The root of these reimbursement challenges seems to be confusion over new policies that can change very quickly. However, the trouble is taking a heavy toll on providers across the country. When you combine fewer total patient visits, reimbursement rates at a fraction of what CMS promised, and decreased efficiency due to appealing denied claims, many clinics now face an urgent revenue crisis.
While the pandemic will eventually subside, telehealth is likely here to stay. In response, clinics should take a few key steps to maximize telehealth reimbursement both today and in the future.
Under the new CMS orders, covered telehealth services must be reasonable and necessary. That means providers should thoroughly document their rationale for providing services and maintain proof that they delivered the services to covered beneficiaries. Many providers intend to carefully scrutinize bills for fraud. This means that accurate and complete patient encounter documentation is more important than ever.
Much of the reimbursement challenges seem to stem from coding errors. To mitigate this problem, providers should check with their contracted plans on specific coding requirements, primarily related to the place of service (POS) codes and modifiers.
Some providers may have better luck than others when seeking reimbursement. If you’re facing challenges, reach out to your colleagues to see what may or may not be working.
Because many of your patients have likely never used telehealth services before, it’s wise to reach out to them before their first appointment to explain how these services work. As part of the process, be sure to share your billing policies. There’s lots of confusion in the marketplace surrounding COVID-19 billing and telehealth in general. As a result, some patients mistakenly believe that telehealth services come at no charge, which can complicate collection efforts.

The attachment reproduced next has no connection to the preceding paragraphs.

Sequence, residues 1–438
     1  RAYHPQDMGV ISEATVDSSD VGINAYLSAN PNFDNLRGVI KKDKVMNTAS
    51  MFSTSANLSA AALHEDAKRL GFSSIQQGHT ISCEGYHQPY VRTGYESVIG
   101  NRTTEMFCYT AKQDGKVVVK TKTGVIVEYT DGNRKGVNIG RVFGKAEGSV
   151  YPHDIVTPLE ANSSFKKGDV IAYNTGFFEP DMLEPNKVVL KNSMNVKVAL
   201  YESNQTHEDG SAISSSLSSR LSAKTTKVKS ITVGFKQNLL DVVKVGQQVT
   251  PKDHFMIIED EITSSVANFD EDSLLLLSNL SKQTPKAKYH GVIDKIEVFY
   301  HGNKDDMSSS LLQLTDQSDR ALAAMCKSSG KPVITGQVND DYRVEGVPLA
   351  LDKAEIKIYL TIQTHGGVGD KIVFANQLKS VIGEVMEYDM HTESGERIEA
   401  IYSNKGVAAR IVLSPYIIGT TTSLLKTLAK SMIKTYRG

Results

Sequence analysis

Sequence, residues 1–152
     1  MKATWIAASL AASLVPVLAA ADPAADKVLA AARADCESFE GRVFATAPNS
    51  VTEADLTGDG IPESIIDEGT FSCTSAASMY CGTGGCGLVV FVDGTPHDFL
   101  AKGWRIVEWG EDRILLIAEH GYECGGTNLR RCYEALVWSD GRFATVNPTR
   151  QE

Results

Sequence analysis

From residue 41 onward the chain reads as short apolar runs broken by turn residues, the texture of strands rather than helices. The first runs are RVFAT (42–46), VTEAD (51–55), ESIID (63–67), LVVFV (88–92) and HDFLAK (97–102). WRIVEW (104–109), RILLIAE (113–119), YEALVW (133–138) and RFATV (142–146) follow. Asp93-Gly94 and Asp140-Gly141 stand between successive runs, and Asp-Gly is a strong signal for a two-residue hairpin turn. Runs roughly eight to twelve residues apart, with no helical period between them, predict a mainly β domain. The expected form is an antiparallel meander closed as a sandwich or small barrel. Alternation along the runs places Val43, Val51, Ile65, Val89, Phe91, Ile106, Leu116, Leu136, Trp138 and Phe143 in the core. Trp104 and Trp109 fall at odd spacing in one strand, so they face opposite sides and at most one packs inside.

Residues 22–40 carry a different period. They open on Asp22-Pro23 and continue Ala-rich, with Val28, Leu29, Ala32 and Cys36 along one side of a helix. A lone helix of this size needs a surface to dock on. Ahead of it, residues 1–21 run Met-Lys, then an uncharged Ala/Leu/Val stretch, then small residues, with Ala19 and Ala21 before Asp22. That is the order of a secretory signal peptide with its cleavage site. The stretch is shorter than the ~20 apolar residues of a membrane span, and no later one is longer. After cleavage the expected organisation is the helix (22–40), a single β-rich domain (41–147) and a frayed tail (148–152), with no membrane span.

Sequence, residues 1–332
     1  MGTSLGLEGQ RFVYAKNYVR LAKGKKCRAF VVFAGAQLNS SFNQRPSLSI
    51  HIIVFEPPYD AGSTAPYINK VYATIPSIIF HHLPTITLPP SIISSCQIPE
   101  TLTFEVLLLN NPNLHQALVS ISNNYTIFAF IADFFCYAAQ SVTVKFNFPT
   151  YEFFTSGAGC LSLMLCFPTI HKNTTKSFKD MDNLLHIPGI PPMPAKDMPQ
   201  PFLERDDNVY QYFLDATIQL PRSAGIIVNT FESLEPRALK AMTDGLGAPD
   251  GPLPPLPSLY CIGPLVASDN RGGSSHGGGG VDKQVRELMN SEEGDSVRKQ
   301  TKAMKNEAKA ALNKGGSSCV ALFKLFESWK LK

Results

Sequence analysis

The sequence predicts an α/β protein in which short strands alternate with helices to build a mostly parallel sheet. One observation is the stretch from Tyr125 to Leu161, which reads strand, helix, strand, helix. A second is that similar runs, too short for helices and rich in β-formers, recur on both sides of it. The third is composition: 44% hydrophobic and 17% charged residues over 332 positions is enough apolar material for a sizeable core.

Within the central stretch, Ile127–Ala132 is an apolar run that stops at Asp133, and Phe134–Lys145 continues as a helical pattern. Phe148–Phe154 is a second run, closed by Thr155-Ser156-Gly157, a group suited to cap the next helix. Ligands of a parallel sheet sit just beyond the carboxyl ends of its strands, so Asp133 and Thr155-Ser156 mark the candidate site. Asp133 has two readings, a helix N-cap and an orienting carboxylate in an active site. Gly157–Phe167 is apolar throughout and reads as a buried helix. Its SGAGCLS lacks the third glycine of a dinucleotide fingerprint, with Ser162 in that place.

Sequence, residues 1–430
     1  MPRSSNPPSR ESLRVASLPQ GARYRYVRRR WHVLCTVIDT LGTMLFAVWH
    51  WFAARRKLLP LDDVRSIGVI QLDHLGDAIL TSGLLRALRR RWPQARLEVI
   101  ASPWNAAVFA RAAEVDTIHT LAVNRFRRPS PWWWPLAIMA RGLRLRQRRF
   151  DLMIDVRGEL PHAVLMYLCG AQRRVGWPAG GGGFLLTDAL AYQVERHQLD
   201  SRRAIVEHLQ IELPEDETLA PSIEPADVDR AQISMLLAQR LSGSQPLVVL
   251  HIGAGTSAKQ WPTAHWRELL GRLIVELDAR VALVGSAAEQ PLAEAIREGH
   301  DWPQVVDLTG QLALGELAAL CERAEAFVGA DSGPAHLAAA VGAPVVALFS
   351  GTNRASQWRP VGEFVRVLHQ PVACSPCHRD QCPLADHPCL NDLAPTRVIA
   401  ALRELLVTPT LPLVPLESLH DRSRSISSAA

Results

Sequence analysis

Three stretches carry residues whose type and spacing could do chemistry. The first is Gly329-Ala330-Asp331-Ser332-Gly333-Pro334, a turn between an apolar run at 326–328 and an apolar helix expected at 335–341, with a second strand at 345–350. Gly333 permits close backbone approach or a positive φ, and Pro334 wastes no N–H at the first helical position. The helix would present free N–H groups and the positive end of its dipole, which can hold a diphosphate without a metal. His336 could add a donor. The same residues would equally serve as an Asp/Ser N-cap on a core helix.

Implementing a telehealth solution can come with tremendous costs. To combat this, CMA eased privacy rules so providers could use more accessible technology like Skype or FaceTime. However, communicating over less secure platforms still carries a degree of risk for the provider. If possible, select a telehealth provider that provides appropriate encryption protections. And always make sure to transmit personal identifiers like social security numbers over secure channels.
At Scribe-X, we’ve been busy building accessible telehealth solutions for years. While we primarily provide medical scribe services, much of our work is done remotely through ScribeBridge, our proprietary telehealth platform. Our medical scribe customers get free access to ScribeBridge, making it more affordable for providers to roll out their in-house telehealth service. They also receive expert support from trained scribes who capture the entire patient encounter in the electronic medical record.
If you’d like to learn more about how we can help maximize your telehealth practice, contact us today at 503-914-5857 or by email at email@example.com. Together we can build a bright future that will help you reach your patients no matter where they are.